And, in Neckwear all the
new things in Fishues, Col
lars, Collar and Cuff Sets
and the like are Here to be
Also, Xew Ruchir.g3 in Various
and Varied Widths.
Hashes Wide Sashes In Colors
nnd Black and Black you know,
is Decidedly Good, Decidedly. Rib
bons Large Variety of Fancy
Ribbons also Black Morie and
Satin Ribbons.
The Kewpie
"You ask why we are hurrying so.
We're going to be Dolls, you know.
Rose O'Neill has showed us how;
Ixok inside and see 'one now
"For Children Dear, we've always
Need Kewpleg of their very own.
"So, really, the best way with them
Is Just to come and play with them.
Turn Into Dolls and stay with
The firm name of Hanson and Jenks
Stands for Highest Quality in Toilet Pre
parations. With Hanson and Jenks Quality
is of Paramount Importance.
If You are a User of Hanson and Jenks Preparations,
Madam, You Well Know that Quality Comes First. If
oYuare not one of the Users You have yet to Learn
how Delightfully Exquisite Hanson and Jenks Toilets
Hanson and Jenks, makers of the Highest Priced
Talcum Powder in the World.
Hanson and Jenks Halcyon Rose Talcum Powder 75
Hanson and Jenks Halcyon Rose Toilet Water 553.50.
Hanson and Jenks Halcvon Rose Face Powder S2.00.
Hanson and Jenks Halcvon Rose Sachet S1.75.
Hanson and Jenks Halcyon Rose Cold Cream 50
Hanson and Jenks Halcyon Rose Perfume ? 1 .75 per
Hanson and Jenks Toilet Water 75c and SI. 75.
Hanson and Jenks llys Toilet Water S1.25.
Hanson and Jenks llys Face Powder 75 cents.
Hanson and Jenks Violet Talcum 25 cents.
Hanson and Jenks La Petite Amie Box 25 cents.
Fall Suits "and Coats Straight from the New York
Designers are now to be Seen at the Ellsworth Store.
Suits and Coats that Show the New Season Tenden
cies in Style and Materials are on Display.
Suits and Coats that Show the Tendency to Employ
One Plain Colored Material or Two Materials of Match
ing Color with Bright Trimmings, rather than the
Contrasting Effects which have prevailed, are now to
be Seen.
j3eads Biff Beads Are the
Pad We Have Big, Faddy
the BniotiT&sr spot town
Chmv Chow.
Two quarts chopped cabbage.
One quart of chopped cucumbers.
One pint of chopped onions.
Three green (sweet) peppers, if
small take six. To add a decorative
touch use one red one. One-half cup
of salt. Enough water to cover pulp.
Let stand over night, scald in brine
in the morning and drain.
Put one quart of vinegar and three
cups of sugar over fire. Mix one-half
cup of flour, one-half cup mustard,
one tablespoon of tumeric powder.
Take one cup of vinegar out of the
quart to make this a paste, and add
to the hot vinegar. Cook until It
thickens. Then add three tablespoons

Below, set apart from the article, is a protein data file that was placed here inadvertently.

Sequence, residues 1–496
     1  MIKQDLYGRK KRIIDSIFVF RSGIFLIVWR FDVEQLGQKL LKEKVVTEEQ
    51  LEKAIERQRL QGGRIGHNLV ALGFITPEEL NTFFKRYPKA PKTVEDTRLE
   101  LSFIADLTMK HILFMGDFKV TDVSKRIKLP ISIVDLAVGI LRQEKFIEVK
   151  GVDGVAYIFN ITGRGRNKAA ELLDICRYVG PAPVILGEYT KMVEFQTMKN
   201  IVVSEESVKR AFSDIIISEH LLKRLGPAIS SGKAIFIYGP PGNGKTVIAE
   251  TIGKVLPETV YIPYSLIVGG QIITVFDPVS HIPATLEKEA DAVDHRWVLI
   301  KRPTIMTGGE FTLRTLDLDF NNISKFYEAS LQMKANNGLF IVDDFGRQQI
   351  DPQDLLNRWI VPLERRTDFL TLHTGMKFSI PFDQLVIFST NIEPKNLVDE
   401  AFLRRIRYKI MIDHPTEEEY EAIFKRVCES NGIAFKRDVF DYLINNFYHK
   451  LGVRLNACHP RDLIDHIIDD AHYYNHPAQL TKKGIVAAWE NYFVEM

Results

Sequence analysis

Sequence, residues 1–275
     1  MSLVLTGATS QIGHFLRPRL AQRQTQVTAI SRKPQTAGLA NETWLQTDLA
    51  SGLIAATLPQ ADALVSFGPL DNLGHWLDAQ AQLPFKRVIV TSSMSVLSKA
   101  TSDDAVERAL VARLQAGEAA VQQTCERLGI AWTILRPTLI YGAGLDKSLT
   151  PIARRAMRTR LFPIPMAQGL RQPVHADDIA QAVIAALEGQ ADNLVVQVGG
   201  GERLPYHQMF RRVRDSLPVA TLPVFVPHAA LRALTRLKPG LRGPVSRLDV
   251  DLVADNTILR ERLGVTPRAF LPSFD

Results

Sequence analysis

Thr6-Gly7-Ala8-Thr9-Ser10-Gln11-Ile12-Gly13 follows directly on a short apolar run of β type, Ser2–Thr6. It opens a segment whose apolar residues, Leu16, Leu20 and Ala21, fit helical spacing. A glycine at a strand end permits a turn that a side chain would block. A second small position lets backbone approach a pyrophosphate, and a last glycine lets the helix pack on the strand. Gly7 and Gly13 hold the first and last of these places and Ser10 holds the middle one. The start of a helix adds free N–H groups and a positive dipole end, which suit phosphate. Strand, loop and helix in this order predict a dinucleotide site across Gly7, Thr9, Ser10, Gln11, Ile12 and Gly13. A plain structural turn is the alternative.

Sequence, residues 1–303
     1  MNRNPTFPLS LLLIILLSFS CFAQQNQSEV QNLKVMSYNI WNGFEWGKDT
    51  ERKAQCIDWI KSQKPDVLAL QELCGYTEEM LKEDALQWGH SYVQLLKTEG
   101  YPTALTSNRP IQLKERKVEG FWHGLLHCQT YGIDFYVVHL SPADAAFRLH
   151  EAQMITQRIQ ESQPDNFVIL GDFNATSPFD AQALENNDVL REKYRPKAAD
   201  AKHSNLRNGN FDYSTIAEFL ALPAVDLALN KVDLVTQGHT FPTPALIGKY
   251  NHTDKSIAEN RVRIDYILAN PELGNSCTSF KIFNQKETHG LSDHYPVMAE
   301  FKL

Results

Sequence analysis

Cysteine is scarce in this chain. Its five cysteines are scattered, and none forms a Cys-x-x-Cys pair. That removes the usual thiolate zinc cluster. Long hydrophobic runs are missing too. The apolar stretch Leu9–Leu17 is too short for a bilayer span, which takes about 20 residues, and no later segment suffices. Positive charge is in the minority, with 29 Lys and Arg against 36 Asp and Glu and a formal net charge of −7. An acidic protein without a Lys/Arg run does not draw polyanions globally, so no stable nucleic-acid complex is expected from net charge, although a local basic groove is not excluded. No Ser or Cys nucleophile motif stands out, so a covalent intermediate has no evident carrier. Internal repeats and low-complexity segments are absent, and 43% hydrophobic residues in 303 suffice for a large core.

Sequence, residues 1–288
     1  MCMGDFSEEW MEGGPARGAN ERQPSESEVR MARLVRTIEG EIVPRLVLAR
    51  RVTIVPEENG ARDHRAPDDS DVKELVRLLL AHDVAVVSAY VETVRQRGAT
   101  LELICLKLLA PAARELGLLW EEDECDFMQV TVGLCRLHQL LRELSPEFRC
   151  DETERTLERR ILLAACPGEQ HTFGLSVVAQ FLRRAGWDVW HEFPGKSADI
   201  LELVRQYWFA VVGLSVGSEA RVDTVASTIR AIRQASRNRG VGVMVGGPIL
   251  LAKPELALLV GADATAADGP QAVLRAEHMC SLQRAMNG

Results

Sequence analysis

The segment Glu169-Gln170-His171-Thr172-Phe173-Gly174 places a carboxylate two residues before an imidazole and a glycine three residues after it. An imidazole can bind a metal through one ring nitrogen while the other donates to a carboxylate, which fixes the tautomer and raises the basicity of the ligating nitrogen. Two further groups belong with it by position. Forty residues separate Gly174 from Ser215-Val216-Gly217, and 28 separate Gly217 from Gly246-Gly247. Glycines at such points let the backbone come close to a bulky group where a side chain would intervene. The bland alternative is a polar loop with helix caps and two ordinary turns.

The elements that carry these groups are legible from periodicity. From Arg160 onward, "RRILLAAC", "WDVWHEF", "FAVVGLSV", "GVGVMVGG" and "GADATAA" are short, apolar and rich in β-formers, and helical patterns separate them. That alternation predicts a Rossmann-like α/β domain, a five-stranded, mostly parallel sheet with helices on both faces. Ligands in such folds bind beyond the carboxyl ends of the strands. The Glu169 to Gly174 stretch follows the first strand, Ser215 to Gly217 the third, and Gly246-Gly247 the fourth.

of mustard seed and two tablespoons
of celery seed. Add two stalks of cel
ery chopped. Pour the dressing over
the pulp, mix well and bottle.
Mrs. R. C. DeVoe, 312 S. Taylor
St., entertained the .Social Twelve
Wednesday afternoon. At cards the
favors were won by Mrs. Joseph
Fleck, Mrs. Albert Krouser and Mrs.
Frank Brownell. Mrs. Frank Ohmer
received the guest prize. Light re
freshments were served. In two weeks
the club will be entertained at the
home of Mrs. George Mocre, 729 N.
St. Louis st.
The Violet club, met at the home
of Mrs. Bert Norton. 132 N. Sadie
et. Prizes were awarded sit cards, to
Mrs. L. E. Cilail and Mrs. A. II.
Turner. A two-course luncheon was
served. In two weeks the club will
meet with Mrs. S. C. Hasku, 2 418 S.
Main st.
The Greatest Line
Fall Shoes Ever
Our Price $1.98.
116-122 EL Wayne St.
Mr. Lundy returned
Saturday after a two
weeks' visit to New York,
full of enthusiasm over
the beautiful collection
of Fall garments pur
chased while there.
We are welcoming new
arrivals by every express
and every inch of space is
necessary to accommo
date them.
In an effort to crowd
all remaining summer
garments out we have
slashed prices to the limit
and it is now possible to
obtain some unheard of
Note a few
values offered.
of the
DRESSES. All this seasons
Jots models in French and Irish
linen in
haqen Blue
and $15.00
for . . .
brown, tan. Copen-
and Tan. Regular $12.50
TWENTY-FIVE whkc and col
ored lawn, linqerie and voile dresses.
eo at ee and draped effects. Regular prices
$12.50 and $13.50
for .........
WAISTS. Fifteen dozen white ling
erie waists. Hand embroidery and lace
trimmed, both high and low neck. Every
one a regular $1.50 TQf"
waists for & UL
SUITS. Five suits of pure hand-tail
ored linen and nine suits in serge, novel
ty material, pongee and rajah silk. No
two suits alike. Regular prices (C -7R
$12.50 up to $29.50 for . . . 0. i 0
LUMD)Y & o
1 T

xml | txt